Although , more respected now, universal life insurance can be a controversial product due to a a checkered past. Universal life or UL is a form of life insurance with three "flavors" or variants; Guaranteed universal life (GUL), current assumption UL, and Indexed Universal life (IUL). Even with much in common, these products serve different market segments. Let's take a look.
Guaranteed Universal Life is a hybrid type of life insurance policy that has elements of term insurance but is not temporary. Although, a GUL often has some cash value, the policies are not designed to accumulate cash value, but rather to provide lifetime insurance at the lowest cost available.
GUL's have a guarantee provision that provides coverage even if the cost of insurance increases beyond the current premium and value of the policy. Like term, the premium is level and the coverage is guaranteed as long as the payments are made.
Current assumption UL is the "traditional" universal life product that got several life insurance carriers into hot water in the 1980's. This UL product is designed to accumulate cash and have flexible premium outlays.
The cash build up consists of a part of the premium that is designated as savings in a side account. This money is conservatively invested by the carrier and the policy has a guaranteed interest rate of return. The inherent risk of a universal life policy is that the increased insurance costs outpaces the a growth and the policy owner is then obligated to make up the shortfall out of pocket.
The reason for the previous problems with this product was agents selling the product based on the 16% interest rates prevalent in the eighties. When interest rates came down and premiums were no longer being paid by interest growth, many policies imploded. The result was several class action law suits.This scar on the insurance industry led to reforms that limit the percentage rate that life insurance can be illustrated.
Indexed universal life is a relatively new product that has performed quite well over the last decade and a half. The basic premise of an IUL is the same as current assumption UL accept that instead of current interest rates, the IUL is based off equity indices like the S&P500.
However, unlike the stock market, the policy does not lose money based on poor stock performance. This "magic" is performed by the carriers investing mostly in bonds and then buying & selling stock index options. the end result being that when the market is up, the policy gets a share of the upside....and when it is down, the policy breaks even (minus administrative expenses) , based on the bond income.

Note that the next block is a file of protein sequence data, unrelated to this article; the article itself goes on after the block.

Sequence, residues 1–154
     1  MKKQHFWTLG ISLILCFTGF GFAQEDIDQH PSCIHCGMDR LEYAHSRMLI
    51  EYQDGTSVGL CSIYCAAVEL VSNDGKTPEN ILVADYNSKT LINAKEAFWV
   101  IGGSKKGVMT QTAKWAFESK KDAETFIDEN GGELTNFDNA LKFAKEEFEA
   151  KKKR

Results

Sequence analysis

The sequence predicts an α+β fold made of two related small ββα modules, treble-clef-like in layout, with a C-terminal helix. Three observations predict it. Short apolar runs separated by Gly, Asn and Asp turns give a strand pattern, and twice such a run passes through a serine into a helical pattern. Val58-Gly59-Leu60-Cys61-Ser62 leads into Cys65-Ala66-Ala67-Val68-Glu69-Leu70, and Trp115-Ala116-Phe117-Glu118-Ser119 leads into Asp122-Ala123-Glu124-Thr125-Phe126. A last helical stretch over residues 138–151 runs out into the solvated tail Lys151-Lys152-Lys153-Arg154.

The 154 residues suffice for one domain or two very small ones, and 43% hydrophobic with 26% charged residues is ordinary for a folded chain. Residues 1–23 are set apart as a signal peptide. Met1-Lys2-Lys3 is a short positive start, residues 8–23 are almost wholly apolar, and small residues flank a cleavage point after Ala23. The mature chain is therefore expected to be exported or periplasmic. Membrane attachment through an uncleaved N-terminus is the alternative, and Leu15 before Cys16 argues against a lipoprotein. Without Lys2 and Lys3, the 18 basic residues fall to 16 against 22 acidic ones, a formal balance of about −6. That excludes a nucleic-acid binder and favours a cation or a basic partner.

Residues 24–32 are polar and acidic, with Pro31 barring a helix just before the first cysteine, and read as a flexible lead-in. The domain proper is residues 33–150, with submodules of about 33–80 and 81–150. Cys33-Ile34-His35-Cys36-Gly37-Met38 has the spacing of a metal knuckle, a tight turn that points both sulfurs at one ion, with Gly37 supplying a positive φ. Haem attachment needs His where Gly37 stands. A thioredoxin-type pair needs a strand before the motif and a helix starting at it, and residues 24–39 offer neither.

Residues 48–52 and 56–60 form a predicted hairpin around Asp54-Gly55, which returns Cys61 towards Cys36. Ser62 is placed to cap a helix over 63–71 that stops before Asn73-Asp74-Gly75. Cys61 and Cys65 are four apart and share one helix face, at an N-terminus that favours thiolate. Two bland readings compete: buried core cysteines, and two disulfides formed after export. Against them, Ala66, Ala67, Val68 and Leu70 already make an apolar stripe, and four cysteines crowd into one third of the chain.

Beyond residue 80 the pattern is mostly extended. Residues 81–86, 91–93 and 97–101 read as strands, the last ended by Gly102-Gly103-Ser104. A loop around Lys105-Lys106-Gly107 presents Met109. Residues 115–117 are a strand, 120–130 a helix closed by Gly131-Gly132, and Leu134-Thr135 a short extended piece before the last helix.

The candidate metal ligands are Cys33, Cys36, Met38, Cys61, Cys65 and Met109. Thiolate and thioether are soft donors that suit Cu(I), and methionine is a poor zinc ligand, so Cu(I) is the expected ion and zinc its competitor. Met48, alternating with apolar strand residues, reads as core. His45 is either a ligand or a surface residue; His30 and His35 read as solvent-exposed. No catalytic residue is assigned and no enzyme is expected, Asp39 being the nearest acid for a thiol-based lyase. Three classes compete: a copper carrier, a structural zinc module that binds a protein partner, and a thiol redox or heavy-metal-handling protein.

A primary reason that these types of policies have avoided the troubles that current assumption faced in the eighties is that these policies are also subject to the illustration reforms and cannot be illustrated at gains of more than 6.5%.
You will constantly hear radio and television ads for "no exam" life insurance. This is just marketing for an accelerated underwriting process. All of the policy types that have been discussed here are available as no exam products.
There are many good reasons to consider using a no exam carrier, but the underlying life insurance policy types don't change as a result. If you are concerned about underwriting due to a health concern please take a look at the navigating pre-existing health conditions post.
Now You Know The Different Kinds of Life Insurance Policies
So the next time you hear terms like mortgage protection life insurance, or final expense & guaranteed life insurance, you will know that these are just marketing labels. The same is true when you hear things like "investment grade" life insurance or "asset class life insurance". Lastly, you also know that "no exam" is about the underwriting process and not the policy itself.
Thank you for choosing the Life Insurance Help Desk to research the different types of life insurance policy. Please use the links for a more in depth discussion. Should you have any questions about the different kinds of life insurance you may beinterested in, please do not hesitate to call or send over an email.
Jim Tobin is the owner of Life Insurance Help Desk, a Fairfield County, CT. life insurance agency. You can find him on LinkedIn and Facebook. Over the past 10 years, Jim has used his CFP-financial planning designation to help individuals with their life insurance needs. In addition to working with life insurance clients, Jim teaches ESL classes in his spare time. He resides with his beautiful wife Nicole and the 3 cats that rule their lives..